Ask the Expert: Andrew Light on carbon cap equivalents and global emission reduction goals

What are carbon cap equivalents?

Carbon cap equivalents are an alternative way of measuring a country's emissions reductions. Rather than only just counting, say, economy-wide measures like a cap-and-trade program or a carbon tax, to determine how many tons of carbon a country can commit to reducing in terms of its emissions, it counts complementary policies such as provisions for decreasing emissions through aid to international forestry programs.

How do carbon cap equivalents change thinking on U.S. emissions reduction efforts?

Currently, the Untied States is proposing to reduce its emissions 17 percent below 2005 levels by 2020. When you compare this to what other countries are doing, the U.S. contribution is pretty small. It only amounts to, really, 1 percent of reductions below 1990 levels by 2020. If we look at the U.S. contribution not only in terms of its economy-wide measure, the cap and trade program that's been proposed through the House legislation, and we count on the other provisions that they're willing to do, then, in fact, their decreases in emissions go to something like 13 percent below 1990 levels by 2020, and as much as 21 percent below 1990 levels by 2020. Measured in this way, the U.S. actually meets the reductions its allied are doing in terms of emissions reductions, rather than falling far below them as it's accused of doing now.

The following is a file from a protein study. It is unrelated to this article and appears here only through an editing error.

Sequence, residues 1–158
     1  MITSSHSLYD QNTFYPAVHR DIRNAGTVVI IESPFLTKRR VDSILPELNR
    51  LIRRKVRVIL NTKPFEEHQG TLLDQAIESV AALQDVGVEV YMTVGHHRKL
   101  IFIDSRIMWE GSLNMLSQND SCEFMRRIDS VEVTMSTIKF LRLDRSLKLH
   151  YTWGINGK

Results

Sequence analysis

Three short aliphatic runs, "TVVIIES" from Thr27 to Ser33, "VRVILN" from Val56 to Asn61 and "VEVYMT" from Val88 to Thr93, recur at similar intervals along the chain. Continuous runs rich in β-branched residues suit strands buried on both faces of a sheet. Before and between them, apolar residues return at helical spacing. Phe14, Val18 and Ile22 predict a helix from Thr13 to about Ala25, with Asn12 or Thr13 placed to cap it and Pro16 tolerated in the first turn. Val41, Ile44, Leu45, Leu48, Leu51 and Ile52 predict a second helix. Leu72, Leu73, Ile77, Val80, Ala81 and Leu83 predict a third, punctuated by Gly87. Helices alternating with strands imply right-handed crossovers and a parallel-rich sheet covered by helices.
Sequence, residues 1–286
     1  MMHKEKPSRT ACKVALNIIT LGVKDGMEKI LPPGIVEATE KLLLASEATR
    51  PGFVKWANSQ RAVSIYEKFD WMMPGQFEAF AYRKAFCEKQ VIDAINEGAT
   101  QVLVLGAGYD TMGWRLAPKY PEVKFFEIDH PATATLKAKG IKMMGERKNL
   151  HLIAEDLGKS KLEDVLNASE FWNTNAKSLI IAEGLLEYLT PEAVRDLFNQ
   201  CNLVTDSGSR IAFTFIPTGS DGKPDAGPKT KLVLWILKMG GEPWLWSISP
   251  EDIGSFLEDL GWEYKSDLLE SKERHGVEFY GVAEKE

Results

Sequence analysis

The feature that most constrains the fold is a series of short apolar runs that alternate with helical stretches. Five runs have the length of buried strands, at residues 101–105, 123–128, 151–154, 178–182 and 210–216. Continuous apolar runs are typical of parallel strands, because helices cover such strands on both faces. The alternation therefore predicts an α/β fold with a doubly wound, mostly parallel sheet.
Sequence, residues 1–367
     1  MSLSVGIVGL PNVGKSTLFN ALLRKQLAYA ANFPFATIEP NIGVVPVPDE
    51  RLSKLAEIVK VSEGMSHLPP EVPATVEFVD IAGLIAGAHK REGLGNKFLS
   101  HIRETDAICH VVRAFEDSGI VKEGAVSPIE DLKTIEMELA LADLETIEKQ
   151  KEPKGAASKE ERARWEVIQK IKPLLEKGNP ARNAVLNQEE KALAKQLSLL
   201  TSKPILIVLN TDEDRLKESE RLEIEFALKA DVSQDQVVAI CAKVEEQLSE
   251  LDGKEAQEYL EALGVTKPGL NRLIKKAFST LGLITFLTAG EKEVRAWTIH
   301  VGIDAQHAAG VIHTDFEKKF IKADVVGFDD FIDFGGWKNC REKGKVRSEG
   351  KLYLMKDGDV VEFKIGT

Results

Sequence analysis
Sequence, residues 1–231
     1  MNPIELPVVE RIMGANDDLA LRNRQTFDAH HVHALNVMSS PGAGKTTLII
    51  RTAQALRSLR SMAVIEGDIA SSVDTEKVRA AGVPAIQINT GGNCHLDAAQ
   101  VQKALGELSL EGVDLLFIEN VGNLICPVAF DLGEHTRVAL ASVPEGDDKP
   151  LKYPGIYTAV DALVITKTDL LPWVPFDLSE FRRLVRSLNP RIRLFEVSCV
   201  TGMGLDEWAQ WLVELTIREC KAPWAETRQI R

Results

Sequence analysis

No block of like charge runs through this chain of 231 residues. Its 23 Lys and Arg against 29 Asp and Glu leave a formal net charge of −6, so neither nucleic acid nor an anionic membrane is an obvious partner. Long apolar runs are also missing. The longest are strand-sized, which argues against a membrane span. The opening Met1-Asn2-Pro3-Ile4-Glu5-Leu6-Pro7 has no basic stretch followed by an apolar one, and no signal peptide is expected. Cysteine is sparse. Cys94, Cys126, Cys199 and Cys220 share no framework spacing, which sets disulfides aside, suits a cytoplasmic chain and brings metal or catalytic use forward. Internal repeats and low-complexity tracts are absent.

How achievable are global emission reduction goals?

The global goal in terms of reducing emissions as set by the Intergovernmental on Climate Change, is to cut global emissions by half by 2050. It's believed that if we do this, then we'll hold any increases in temperature to 2 degrees Celsius above pre-industrial levels. The contribution of developed countries to this goal is to cut emissions by 80 percent below 1990 levels by 2020. If we take a comprehensive measure, as CAP has done, of what all the developed countries and what all the major emitters in the developing world such as China, India, Brazil, South Africa, and Indonesia are doing, then it looks like, if everyone does what they say they are going to do, we will achieve 65 percent of reductions needed to hit this global goal and hold temperature rise to 2 degrees above pre-industrial levels.